The frangible fences have been tested with good success in England, first in a lab setting using a fake horse, and also at least once now in "real life" (they've been in place at several horse trials, but a horse has only fallen on one once). Horse and rider walked away well, and the fence was back up and operational within 5 minutes. The current issues about the frangible fences/pins is how to adapt them to a variety of fence types (because we don't want to only jump round log oxers), how to make them affordable for all organizers, and how to potnetially score such faults--as many of us know, event horses aren't generally believed to need to be knee-snapping, never toucha jump type jumpers. If we start faulting "rails" on cross country, that will significantly change the sport.
But, frangible fences are coming, and will in the future I think be an integral part of it. However, it would be foolish to rush this, and make a mistake that causes more problems and falls and injuries than prevents them.
But keep in mind, every frangible fence in the world won't prevent the thousands of freak accidents that kill thousands of horses in every disicpline every year. And if you say that this is different because we're putting them in a dangerous situation, keep in mind that if we never put them in stalls or fenced-in fields, then we'd save a whole lot of horses who die every year after fence and stall related traumas, far more than who die on cross country, I promise you.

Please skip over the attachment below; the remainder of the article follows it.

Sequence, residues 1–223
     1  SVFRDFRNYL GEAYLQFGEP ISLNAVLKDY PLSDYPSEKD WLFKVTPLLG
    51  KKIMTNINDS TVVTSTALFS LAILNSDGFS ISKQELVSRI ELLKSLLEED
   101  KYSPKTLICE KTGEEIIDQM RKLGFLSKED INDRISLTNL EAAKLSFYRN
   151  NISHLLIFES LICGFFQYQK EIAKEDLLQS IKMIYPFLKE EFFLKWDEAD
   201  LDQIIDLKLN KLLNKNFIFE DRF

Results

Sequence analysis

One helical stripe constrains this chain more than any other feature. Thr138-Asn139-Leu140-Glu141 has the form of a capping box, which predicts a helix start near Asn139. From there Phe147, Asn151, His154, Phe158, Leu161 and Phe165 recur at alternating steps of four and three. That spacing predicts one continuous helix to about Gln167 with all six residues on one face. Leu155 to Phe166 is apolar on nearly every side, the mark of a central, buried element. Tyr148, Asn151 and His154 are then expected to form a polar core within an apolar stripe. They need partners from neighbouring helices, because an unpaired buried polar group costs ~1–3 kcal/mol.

I'm glad that frangible fences are being explored, and I'm confident they will be a good solution for the future. I don't for a second think it means no more horses will die--not just in eventing, but in every discipline.
What a huge tragedy for Bruce and the connections of High Scope. His owner emailed me a couple of months before Rolex and asked me to profile the stallion on my local CTA's webpage, which I did...I fell in love with him from the pictures and the story, and I vividly remember sitting up at 2am at Tintagel Castle in Southern England in September 2000 watching the Olympic 3-day (they showed the WHOLE thing in the UK--was up all night!) and seeing that beautiful gray make nothing of that course. So sad that he is gone; I'd half planned to breed to him if I decided to breed Kelly again.